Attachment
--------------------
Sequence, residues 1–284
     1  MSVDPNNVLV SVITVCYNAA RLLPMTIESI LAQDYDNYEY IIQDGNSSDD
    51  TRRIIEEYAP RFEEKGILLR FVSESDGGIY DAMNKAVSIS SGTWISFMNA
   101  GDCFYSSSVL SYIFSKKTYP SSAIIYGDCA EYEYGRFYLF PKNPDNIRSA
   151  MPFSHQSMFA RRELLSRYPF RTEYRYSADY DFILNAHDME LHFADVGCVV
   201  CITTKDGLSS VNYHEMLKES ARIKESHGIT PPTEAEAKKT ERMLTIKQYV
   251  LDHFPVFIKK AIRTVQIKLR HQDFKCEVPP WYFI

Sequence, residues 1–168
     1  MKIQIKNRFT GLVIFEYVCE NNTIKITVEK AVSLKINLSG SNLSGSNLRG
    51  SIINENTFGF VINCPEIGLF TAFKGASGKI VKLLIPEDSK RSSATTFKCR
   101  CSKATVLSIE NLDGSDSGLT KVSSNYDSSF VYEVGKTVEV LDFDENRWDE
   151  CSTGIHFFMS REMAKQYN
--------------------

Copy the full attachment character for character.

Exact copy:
Sequence, residues 1–284
     1  MSVDPNNVLV SVITVCYNAA RLLPMTIESI LAQDYDNYEY IIQDGNSSDD
    51  TRRIIEEYAP RFEEKGILLR FVSESDGGIY DAMNKAVSIS SGTWISFMNA
   101  GDCFYSSSVL SYIFSKKTYP SSAIIYGDCA EYEYGRFYLF PKNPDNIRSA
   151  MPFSHQSMFA RRELLSRYPF RTEYRYSADY DFILNAHDME LHFADVGCVV
   201  CITTKDGLSS VNYHEMLKES ARIKESHGIT PPTEAEAKKT ERMLTIKQYV
   251  LDHFPVFIKK AIRTVQIKLR HQDFKCEVPP WYFI

Sequence, residues 1–168
     1  MKIQIKNRFT GLVIFEYVCE NNTIKITVEK AVSLKINLSG SNLSGSNLRG
    51  SIINENTFGF VINCPEIGLF TAFKGASGKI VKLLIPEDSK RSSATTFKCR
   101  CSKATVLSIE NLDGSDSGLT KVSSNYDSSF VYEVGKTVEV LDFDENRWDE
   151  CSTGIHFFMS REMAKQYN